Warranted assertability maneuvers and the rules of assertion

Pacific Philosophical Quarterly 89 (4):460-469 (2008)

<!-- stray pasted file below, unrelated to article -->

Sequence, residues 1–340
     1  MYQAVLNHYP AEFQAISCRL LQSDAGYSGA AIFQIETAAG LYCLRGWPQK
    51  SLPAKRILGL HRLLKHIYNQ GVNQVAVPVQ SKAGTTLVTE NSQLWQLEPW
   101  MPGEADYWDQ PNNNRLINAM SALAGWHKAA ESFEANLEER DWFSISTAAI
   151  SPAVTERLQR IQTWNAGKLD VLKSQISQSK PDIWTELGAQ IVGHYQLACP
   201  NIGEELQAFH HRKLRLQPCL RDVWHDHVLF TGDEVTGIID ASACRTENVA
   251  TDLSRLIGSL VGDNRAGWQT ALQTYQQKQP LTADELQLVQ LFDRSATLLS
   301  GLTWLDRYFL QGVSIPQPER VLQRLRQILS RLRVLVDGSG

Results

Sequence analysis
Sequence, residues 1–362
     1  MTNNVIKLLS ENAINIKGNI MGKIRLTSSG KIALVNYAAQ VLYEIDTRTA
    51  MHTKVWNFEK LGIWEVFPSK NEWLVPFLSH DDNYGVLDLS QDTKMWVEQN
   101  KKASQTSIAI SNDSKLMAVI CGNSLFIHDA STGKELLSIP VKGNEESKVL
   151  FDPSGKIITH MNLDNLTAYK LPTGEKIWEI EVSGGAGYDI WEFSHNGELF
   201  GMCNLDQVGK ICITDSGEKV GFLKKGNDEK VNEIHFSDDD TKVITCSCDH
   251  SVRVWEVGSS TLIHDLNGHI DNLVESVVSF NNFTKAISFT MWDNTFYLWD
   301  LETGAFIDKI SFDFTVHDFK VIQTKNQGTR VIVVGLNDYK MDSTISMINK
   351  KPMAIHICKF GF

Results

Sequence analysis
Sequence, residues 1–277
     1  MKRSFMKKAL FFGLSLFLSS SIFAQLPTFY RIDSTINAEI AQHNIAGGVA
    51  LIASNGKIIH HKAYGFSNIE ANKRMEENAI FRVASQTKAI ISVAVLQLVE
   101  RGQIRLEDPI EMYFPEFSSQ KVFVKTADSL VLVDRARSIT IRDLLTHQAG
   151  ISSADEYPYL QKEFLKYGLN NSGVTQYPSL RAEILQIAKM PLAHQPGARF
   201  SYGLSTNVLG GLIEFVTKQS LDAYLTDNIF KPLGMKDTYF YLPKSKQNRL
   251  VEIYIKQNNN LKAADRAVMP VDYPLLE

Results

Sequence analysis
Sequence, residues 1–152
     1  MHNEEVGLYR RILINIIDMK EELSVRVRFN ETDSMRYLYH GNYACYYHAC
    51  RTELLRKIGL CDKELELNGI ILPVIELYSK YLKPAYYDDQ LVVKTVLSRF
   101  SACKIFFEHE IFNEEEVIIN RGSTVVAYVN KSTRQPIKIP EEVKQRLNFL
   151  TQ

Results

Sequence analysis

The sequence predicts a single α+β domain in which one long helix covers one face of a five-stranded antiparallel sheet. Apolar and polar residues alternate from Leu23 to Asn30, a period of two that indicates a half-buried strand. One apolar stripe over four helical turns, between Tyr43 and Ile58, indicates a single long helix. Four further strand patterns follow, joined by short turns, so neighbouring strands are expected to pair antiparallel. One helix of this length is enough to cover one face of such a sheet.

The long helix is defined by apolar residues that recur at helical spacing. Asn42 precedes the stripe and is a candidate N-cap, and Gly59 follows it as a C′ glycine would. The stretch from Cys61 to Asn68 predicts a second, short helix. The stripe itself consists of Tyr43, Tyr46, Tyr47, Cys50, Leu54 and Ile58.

Abstract: In responding to the cases that motivate epistemic contextualism, invariantists sometimes use a warranted assertability maneuver (WAM), according to which we mistakenly judge an assertion to be true because we confuse conversational propriety with truth. I argue that no invariantist WAM against Stewart Cohen's Airport Case can succeed. The problem is that such a WAM is inconsistent with the known ways of accounting for the evidence that motivates the knowledge account of assertion.
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